Google backs AVPN fund to help green-tech nonprofits in Asia-Pacific

Asia’s biggest network of social investors seeks to “open a floodgate” of green funding in the region, where climate disasters hit an estimated 57m people last year.

AVPN, Asia’s largest network of social investors, has launched a US$3m fund to provide grants to nonprofit tech ventures that tackle climate change and drive sustainability in the Asia-Pacific region.

The APAC Sustainability Seed Fund, announced at the AVPN 2022 Global Conference in Bali today, is supported by, the tech giant’s philanthropic arm, and the Asian Development Bank, and seeks to “open a floodgate” of green funding in the region, according to the network.

Michaela Browning, Google vice-president of government affairs and public policy for Asia Pacific, said: “This initiative is an opportunity for public and private organisations to come together in the shared responsibility to work towards climate and sustainability solutions.” 

In addition to cash funding, grantees will also have access to Google’s technology and expertise from its employees. “We’re excited by the possibilities of using technology, including many of our own tools and platforms, to build scalable and impactful solutions that help tackle the threats presented by climate change,” Browning added.

Two men in Bali using a smartphone

Above: Gringgo uses digital technology to improve waste management systems in Bali 

The fund will back organisations developing tech-driven green innovations in 11 countries – Australia, Hong Kong, India, Indonesia, Japan, New Zealand, Singapore, South Korea, Taiwan, Thailand and Vietnam.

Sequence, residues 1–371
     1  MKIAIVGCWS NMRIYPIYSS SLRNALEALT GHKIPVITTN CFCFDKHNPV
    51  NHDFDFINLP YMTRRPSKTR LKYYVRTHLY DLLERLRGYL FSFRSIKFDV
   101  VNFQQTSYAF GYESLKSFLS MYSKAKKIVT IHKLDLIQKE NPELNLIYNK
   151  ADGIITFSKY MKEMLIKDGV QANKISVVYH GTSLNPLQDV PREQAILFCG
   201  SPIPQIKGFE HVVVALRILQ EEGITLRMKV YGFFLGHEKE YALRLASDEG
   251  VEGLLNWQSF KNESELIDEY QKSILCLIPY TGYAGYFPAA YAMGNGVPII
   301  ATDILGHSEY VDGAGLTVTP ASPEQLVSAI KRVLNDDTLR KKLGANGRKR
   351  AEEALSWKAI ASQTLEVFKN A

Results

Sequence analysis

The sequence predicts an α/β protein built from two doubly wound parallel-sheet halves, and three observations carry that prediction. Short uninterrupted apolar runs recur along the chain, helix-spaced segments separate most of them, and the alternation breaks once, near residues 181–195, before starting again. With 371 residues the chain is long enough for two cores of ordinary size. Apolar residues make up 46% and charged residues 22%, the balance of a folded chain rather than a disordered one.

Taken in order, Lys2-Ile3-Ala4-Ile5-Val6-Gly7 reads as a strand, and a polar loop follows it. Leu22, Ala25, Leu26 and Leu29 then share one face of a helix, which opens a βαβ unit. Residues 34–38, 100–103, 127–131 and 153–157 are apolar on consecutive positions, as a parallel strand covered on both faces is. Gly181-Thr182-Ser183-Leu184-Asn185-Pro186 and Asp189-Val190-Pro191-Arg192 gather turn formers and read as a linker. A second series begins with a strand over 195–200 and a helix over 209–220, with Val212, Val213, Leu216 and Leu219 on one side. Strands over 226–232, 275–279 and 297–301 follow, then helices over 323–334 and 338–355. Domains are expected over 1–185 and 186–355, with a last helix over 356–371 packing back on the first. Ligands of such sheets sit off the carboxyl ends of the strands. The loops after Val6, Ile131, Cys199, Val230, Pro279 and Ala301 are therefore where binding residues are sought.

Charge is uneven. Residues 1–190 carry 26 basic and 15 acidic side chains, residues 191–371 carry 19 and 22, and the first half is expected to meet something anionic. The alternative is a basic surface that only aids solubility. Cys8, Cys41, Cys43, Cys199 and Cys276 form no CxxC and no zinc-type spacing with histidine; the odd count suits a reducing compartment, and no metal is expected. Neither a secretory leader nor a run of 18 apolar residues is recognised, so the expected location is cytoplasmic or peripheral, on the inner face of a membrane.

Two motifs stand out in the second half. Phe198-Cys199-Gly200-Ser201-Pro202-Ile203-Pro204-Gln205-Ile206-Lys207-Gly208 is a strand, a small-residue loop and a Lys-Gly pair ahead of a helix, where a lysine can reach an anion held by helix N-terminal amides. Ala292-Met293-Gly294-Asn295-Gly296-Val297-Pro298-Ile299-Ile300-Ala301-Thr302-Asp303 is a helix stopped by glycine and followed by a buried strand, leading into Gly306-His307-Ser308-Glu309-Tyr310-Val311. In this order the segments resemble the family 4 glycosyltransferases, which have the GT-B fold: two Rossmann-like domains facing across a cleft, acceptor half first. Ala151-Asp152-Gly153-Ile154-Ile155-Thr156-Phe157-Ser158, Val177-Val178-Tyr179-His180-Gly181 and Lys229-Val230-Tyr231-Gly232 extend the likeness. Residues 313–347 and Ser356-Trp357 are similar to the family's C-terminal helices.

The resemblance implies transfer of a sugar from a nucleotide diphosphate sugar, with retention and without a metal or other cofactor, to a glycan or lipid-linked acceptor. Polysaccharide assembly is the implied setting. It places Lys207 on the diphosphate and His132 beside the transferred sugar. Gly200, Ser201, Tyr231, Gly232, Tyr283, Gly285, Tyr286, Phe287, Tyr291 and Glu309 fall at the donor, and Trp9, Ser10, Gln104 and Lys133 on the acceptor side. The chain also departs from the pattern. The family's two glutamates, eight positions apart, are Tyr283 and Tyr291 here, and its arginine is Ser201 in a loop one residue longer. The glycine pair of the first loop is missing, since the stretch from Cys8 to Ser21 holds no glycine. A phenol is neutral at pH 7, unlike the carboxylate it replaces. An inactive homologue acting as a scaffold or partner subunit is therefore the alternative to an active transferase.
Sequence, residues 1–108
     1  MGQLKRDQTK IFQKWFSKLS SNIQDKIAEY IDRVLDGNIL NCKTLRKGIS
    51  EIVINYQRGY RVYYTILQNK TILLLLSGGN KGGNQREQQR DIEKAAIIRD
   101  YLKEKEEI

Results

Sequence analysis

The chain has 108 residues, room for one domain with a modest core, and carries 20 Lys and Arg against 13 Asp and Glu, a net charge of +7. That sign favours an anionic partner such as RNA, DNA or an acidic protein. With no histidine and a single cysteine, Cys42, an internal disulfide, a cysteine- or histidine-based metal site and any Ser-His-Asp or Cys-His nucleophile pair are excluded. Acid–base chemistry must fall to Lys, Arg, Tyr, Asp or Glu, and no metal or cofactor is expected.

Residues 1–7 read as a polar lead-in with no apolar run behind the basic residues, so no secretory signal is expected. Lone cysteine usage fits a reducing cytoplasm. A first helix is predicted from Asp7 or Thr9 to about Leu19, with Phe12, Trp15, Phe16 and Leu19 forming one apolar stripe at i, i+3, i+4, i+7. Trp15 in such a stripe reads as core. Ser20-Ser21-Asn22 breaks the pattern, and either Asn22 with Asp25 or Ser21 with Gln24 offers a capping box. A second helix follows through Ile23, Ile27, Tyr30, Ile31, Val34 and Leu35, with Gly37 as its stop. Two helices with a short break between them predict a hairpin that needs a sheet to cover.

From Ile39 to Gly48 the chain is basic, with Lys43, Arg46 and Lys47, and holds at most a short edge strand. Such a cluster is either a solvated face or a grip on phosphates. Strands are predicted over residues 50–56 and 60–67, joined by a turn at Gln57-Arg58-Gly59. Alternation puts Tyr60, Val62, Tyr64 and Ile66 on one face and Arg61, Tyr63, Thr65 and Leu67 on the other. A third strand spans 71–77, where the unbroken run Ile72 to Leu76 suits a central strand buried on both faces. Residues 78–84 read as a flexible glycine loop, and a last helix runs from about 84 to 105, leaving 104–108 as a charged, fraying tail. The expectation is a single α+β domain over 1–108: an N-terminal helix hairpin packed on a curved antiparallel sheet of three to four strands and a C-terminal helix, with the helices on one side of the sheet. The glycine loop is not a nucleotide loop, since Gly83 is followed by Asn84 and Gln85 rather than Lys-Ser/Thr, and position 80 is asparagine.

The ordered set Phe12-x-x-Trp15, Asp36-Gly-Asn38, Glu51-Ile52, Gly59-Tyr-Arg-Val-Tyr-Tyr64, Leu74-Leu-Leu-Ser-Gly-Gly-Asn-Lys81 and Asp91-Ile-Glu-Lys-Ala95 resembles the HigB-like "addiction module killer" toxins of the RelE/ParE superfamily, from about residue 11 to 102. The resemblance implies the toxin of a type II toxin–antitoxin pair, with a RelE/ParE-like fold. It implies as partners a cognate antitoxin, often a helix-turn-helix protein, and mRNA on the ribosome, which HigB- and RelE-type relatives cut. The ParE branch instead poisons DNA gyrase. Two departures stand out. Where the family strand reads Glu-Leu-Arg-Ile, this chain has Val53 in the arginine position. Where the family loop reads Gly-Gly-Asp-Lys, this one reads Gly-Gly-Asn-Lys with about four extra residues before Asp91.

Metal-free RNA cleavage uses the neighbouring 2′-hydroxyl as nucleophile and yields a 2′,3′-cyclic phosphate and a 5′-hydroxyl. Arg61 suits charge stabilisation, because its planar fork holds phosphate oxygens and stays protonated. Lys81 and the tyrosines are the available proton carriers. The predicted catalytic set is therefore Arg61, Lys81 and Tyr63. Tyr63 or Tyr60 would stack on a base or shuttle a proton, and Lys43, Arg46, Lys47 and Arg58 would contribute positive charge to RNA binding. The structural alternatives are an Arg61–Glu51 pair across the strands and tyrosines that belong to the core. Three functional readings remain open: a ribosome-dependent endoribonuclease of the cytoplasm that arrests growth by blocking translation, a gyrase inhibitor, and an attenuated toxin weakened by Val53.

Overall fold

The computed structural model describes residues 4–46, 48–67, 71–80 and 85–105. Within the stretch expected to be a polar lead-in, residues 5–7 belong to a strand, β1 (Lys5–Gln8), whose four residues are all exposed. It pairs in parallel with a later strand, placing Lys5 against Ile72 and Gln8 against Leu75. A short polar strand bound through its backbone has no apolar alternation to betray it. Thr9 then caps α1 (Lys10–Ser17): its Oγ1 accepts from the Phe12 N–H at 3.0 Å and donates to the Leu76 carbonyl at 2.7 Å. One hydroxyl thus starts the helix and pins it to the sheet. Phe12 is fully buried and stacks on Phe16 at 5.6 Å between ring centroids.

Sectors supported include renewable energy and carbon reduction, climate change adaptation, biodiversity protection, water preservation, circular economy, waste management and air quality improvement.


Trillions needed

Research by the IFRC (International Federation of Red Cross and Red Crescent Societies) showed that more than 57m people were hit by climate-related disasters across Asia-Pacific in 2021, and low-lying island countries in the region are the most exposed to the effects of climate change.

An estimated US$1.3tn of green funding is needed to tackle climate change and drive sustainability in the region, according to AVPN. The network hopes the new fund will “open a floodgate” of funding to address sustainable development. 

Through its Climate Action Platform, AVPN has so far facilitated more than 55 climate-related deals worth US$75m, Naina Subberwal Batra, CEO of AVPN, said at the conference today. 

This landmark fund... brings us closer to our vision of moving more capital towards impact

She added: “Sustainability is at the core of AVPN’s mission, which is why this landmark fund, made possible with support from and ADB, brings us closer to our vision of moving more capital towards impact.”

AVPN will hold information sessions between July and December 2022 about the fund, and applications will be open between November 2022 and January 2023.


Top picture: a barefoot solar engineer in the solar-powered village of Tinginapu, in the Eastern Ghats of Orissa, India. Credit: Abbie Trayler-Smith / Panos Pictures / Dfid via Climate Visuals.

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